Why The Finger Pointing Aids Democrats
We have gone through the first round of internal recriminations with the recent excoriation of Governor Palin by those “unnamed” McCain staffers. We are also starting to see a few hints of the slaps for John McCain more of which will soon come from amongst GOP faithful. But, while the media loves the bashing, this internal carping does nothing to help us at all. And most especially, breaking out the long knives for our own will only strengthen Barack Obama by cementing in the voter’s minds that the GOP is in permanent disarray setting Obama up to create a Democratic majority that will be difficult to defeat.
First of all, the attacks on Governor Palin are sure to cleave this party in half if they continue. The candidacy of Palin highlighted the split in the Republican Party that has been there since Reagan forged a new GOP majority to support his bid for the White House in 1980. Palin does not appeal to what used to be called the country club Republicans but she appeals very much to the family values voters that Reagan brought into the Party. In fact, she doesn’t just appeal to them, she excites them.
It is clear that Governor Palin excited many hundreds of thousands of Republicans that initially had little interest in the election. The rallies at which she attended featured an incredible wave of fervor for her that the party would be foolish to cast aside. If the party does not take advantage of Palin’s appeal it risks losing a large, energetic mass of voters that it will need to rely on in the coming years. Palin should be given a leading role in the GOP.
Unfortunately, we are seeing the calls for the party to become “moderates,” to shed the Palins and the religious right from the GOP. This would turn the GOP right back into the permanent minority of the 1960s. Far from being too conservative, John McCain was forever pretending to be the moderate that the left leaners of the GOP are saying will now save us. It obviously did not work in November and there is no reason to think it will work in the future.
As to John McCain, we all know what a flawed candidate he was. There truly is no reason whatever to discuss it further. After all, he cannot run again. He’s just too old to lead the party from this point so we don’t have to go through the pain of defeating him again. In McCain’s case we have the luxury of just letting it go and we should do so.
One of the main reasons that Ronald Reagan won was his sunny optimism. Reagan never shied from the hard line or the dire warnings of over indulgent gubbmint (as he famously pronounced it), but he balanced that sternness with what is called his “happy warrior” attitude, a sunny optimism that won the American people. Barack Obama is no Ronald Reagan, of course, but it cannot escape notice that his version of Reagan’s sunny optimist narrative was a key ingredient of his campaign.
However, with constant finger pointing and internal recriminations we decimate any ability at sunny optimism. Instead of happy warriors we appear as grumbling, bitter, and suspicious. These internal fights also say one more negative thing not only to ourselves, but also to any possible voters that don’t already firmly associate themselves with the Republican Party. It says we are disloyal even to each other. If we cannot be expected to respect each other, what makes a voter imagine that we’ll respect him?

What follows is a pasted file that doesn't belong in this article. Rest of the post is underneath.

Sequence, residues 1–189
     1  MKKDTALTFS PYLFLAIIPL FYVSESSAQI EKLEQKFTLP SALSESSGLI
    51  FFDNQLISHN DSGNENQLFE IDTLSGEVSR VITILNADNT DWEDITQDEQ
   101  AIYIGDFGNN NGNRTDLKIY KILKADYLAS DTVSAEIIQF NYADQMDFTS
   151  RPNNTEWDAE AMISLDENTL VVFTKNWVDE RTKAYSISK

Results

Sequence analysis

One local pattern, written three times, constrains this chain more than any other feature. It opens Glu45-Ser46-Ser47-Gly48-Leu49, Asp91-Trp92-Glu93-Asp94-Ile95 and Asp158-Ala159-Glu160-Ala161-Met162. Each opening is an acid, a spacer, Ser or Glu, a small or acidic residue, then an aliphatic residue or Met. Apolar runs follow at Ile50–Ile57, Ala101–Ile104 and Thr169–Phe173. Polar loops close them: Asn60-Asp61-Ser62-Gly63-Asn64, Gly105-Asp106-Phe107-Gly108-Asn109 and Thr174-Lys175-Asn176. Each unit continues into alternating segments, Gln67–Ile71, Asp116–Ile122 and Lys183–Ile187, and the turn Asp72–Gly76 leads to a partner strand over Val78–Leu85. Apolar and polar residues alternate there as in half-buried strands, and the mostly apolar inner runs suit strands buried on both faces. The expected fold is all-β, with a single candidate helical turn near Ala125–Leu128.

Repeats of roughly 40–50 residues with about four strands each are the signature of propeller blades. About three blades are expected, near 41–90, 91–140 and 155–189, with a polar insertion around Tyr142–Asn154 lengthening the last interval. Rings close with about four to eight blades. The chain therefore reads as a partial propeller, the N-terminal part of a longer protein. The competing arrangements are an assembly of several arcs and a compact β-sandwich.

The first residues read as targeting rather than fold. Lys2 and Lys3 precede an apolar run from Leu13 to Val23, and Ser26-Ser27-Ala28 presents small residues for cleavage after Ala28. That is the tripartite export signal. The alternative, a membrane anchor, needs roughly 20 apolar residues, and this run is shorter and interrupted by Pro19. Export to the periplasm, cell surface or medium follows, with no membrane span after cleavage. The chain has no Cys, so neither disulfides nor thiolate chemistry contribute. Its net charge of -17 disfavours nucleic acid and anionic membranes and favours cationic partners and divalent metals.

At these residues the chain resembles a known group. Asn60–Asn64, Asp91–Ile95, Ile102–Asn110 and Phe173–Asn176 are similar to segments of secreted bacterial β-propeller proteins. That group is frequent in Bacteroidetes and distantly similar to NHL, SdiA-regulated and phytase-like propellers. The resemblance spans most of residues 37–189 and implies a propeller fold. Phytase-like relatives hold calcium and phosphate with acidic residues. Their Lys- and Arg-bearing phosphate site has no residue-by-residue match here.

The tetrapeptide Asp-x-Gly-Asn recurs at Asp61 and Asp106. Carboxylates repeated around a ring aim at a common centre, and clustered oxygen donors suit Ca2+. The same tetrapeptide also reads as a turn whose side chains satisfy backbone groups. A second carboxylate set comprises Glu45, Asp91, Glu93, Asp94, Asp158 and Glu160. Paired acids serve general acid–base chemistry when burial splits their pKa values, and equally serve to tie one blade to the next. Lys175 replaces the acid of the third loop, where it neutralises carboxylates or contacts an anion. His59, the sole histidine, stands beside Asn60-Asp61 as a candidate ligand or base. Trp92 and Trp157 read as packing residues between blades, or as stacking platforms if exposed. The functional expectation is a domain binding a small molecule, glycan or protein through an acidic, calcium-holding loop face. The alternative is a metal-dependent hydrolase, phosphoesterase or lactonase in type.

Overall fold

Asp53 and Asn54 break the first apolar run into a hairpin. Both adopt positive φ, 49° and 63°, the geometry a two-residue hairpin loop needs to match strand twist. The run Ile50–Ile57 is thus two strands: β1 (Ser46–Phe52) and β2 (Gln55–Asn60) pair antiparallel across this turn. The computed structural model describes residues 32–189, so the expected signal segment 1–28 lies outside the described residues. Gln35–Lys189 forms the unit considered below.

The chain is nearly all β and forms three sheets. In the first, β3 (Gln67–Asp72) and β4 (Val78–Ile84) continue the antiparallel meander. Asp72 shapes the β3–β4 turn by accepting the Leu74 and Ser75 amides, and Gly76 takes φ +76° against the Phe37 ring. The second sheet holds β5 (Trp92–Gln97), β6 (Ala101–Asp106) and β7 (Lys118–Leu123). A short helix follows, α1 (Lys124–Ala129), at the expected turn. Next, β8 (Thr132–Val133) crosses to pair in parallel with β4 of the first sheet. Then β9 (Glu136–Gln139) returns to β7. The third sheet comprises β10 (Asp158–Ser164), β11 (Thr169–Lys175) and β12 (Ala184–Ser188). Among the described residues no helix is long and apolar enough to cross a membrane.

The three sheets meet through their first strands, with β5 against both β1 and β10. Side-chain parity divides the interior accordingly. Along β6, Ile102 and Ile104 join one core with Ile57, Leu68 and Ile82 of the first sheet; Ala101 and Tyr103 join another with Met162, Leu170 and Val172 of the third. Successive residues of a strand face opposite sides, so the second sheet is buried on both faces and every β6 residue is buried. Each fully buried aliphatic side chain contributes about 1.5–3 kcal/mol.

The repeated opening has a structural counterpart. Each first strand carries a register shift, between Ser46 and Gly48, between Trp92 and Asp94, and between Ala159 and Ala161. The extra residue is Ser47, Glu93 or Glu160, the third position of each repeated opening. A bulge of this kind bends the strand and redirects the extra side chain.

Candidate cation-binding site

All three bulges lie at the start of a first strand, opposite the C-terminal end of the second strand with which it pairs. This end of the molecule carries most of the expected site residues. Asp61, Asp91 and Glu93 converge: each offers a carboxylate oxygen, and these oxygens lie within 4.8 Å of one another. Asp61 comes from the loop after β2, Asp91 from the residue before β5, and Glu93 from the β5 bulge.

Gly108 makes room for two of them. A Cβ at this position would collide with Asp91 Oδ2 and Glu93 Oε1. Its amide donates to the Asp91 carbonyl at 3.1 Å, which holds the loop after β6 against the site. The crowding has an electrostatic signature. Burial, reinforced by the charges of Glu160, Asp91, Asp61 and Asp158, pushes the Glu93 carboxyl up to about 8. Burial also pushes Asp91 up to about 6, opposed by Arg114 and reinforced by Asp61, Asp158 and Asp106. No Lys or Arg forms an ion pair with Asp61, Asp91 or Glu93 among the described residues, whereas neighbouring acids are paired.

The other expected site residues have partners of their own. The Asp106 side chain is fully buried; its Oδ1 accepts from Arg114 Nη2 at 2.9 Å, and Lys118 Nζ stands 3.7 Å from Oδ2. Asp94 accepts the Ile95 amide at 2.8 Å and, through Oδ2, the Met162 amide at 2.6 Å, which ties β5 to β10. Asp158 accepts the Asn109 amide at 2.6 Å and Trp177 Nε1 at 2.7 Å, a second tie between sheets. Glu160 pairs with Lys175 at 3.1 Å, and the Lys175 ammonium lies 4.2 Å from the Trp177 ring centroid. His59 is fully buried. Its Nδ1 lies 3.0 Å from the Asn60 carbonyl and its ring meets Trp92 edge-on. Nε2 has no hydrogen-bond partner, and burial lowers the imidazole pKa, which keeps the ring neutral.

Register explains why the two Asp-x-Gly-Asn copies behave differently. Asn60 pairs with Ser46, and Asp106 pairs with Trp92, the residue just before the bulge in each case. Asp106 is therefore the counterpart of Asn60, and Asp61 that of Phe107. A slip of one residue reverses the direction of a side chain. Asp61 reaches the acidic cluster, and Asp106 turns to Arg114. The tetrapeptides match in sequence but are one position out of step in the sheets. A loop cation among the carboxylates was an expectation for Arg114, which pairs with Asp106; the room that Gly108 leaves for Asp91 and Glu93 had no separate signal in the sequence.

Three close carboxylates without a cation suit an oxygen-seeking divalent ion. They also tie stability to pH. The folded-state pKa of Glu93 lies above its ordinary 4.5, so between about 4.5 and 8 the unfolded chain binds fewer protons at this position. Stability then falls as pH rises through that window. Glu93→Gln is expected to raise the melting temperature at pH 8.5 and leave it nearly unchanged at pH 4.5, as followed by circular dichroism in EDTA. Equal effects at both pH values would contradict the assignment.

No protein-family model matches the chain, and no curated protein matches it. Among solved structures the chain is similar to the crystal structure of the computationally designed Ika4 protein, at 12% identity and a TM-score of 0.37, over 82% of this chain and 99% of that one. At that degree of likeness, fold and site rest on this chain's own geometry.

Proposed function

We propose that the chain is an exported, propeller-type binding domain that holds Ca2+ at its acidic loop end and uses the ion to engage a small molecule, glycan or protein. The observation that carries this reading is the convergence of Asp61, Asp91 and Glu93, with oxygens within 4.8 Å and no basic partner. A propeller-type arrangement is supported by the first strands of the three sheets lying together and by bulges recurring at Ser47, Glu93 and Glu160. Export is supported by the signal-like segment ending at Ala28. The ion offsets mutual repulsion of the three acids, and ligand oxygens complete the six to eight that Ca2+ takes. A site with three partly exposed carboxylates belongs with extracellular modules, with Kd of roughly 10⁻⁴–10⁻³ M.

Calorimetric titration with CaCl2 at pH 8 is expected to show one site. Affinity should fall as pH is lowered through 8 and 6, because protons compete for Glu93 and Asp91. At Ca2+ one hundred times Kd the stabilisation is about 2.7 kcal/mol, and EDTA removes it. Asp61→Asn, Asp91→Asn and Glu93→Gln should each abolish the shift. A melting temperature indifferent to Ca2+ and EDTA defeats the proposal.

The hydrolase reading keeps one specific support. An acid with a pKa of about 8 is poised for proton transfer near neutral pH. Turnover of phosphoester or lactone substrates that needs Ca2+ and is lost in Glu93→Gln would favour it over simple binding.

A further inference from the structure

At this point, we must reapply Ronald Reagan’s 11th Commandment: “Thou shalt not speak ill of any fellow Republican.” We have to move ahead, not look behind. This is not to say that no one should be allowed to evaluate and critically discuss what happened in this last election. But we need to do it without rancor and we need to do it quietly amongst ourselves, and most especially not in the Old Media.
We are at a very delicate time in Republican history. Barack Obama deserves the love and adulation he’s received for “breaking the color barrier.” It is wholly understandable that he, being the first black president, will be given a very wide margin of error. But error he will. And we have to be there, organized, and ready to exploit it with firmness and seriousness, not wild-eyed attacks. We cannot do that if we are still attacking each other.
So, we need to impress on Mark Sanford (the new leader of the Republican Governor’s Association) and Michael Steele (if he is to become the head of the Republican National Committee) that they must corral both sides of the party to a quiet resolve. Both Steele and Sanford — and especially Sanford — are solid conservatives and they need to firmly lead this party back toward a less fractious state.
And one last thing. We need to stop playing the game of politics-of-the-possible to the extent that we go for things that we can win just for the sake of winning. This leads to a compromise of principle and this compromise of principle was the worst part of the Bush years. Reagan won when he could, sometimes compromised when he had to, but was always led by his principle. The so-called compassionate conservatism concept was to win. Period. There was no principle, no values behind it. Just win and show the voters that we can do so. This led to an abrogation of our conservative ideals, turned our congressmen into spendthrifts and led to defeat.
It’s great to win, yes. But we must do so within our principles, not despite them.
So, let’s stop giving the press the Republican vs. Republican fights they love. Let’s lie low and wait for Barack’s mistakes and let’s get this party on track. If we do not do this quickly, we will be on the outside looking in for a long, long time.
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